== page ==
As the winds of war blew across Eastern Europe on the afternoon of February 23, members from the University at Albany community—and viewers from across New York State—tuned in to an installment of Campus Conversations in Standish with Dr. Nadieszda Kizenko, Professor of History and Director of Religious Studies. Ten hours later, Russia began an artillery shelling campaign that rocked Kyiv, Kharkiv, and other municipalities. A full-scale invasion of Ukraine followed, beginning a war of aggression that continues today. 

Professor Kizenko delivered a presentation titled Ukraine and Russia: Key Moments in a Long Relationship. In the 45-minute talk, she told a story of two nations whose paths have intersected at multiple points in history, including: the Baptism of Rus in 988, the Khmelnytsky Uprising of 1648, Catherine the Great and the Partitions of Poland, the formation and disintegration of the U.S.S.R., as well as the Orange and Maidan Revolutions. 

While the conversation took place immediately before the opening salvo, Professor Kizenko astutely predicted the unified response of the Ukrainian people and the rejection of Russia’s belligerence. In her concluding remarks, she said, “What I find incredibly interesting is that after the annexation of Crimea by Russia, after every increasingly aggressive move that Russia makes—even the Russian speakers in Ukraine—anyone who might have had any nostalgia, any warm or fraternal feeling dating back for centuries, that is all being eroded thanks in large measure to Vladimir Putin.”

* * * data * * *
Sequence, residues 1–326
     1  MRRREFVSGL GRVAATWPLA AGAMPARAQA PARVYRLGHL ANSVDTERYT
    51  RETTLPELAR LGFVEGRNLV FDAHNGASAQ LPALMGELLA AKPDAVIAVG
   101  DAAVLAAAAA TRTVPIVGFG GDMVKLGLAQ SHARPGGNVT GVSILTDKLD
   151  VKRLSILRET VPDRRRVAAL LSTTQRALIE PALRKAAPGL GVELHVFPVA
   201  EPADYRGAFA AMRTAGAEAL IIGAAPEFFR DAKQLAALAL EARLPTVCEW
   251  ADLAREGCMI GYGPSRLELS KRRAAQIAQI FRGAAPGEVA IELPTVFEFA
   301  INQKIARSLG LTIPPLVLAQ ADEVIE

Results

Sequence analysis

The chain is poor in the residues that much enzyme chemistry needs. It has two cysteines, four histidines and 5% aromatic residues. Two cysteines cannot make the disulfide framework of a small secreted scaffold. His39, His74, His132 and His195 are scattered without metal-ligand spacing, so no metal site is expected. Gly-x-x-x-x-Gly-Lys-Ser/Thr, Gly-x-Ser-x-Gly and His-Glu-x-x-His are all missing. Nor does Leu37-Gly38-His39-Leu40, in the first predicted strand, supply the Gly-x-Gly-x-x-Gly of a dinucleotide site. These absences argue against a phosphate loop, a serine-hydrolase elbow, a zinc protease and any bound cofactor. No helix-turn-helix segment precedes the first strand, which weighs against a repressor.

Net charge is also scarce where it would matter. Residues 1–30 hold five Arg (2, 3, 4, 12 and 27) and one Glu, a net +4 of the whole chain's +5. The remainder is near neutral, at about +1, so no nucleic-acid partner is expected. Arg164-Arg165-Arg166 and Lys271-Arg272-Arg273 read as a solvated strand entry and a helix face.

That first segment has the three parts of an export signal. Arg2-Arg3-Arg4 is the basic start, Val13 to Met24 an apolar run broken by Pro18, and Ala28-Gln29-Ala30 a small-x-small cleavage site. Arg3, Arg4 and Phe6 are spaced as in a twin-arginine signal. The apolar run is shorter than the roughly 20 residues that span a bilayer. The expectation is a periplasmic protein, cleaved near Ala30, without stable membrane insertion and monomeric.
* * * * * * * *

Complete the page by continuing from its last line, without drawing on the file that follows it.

Dr. Timothy Sergay is an Associate Professor of Russian Languages, Literatures & Cultures and Chair of the Faculty Senate. During the 2022 Spring University Address, he cited Campus Conversations in Standish as an example of how the University can fulfill its strategic mission of promoting global common good. 

“A second avenue of response [to the war] is teaching events, organized as one-offs or as series, such as Zoom webinars or panels, where area studies faculty offer deep background lectures on Ukraine and Ukraine-Russian relations to both their institutional communities and to the public. The posting of such lectures and events to YouTube and to social media greatly extend their reach,” Professor Sergay explained. 

This installment of Campus Conversations did, in fact, reach out far beyond the reach of the immediate UAlbany campus. Alumni attended, as did librarians from other institutions (academic and public), plus community members from across New York State. 

Professor Kizenko’s talk was the first installment in the Spring 2022 Campus Conversations in Standish lineup, and the 32nd overall. For more information on the program, its history, and previous speakers, visit the Campus Conversations landing page. 

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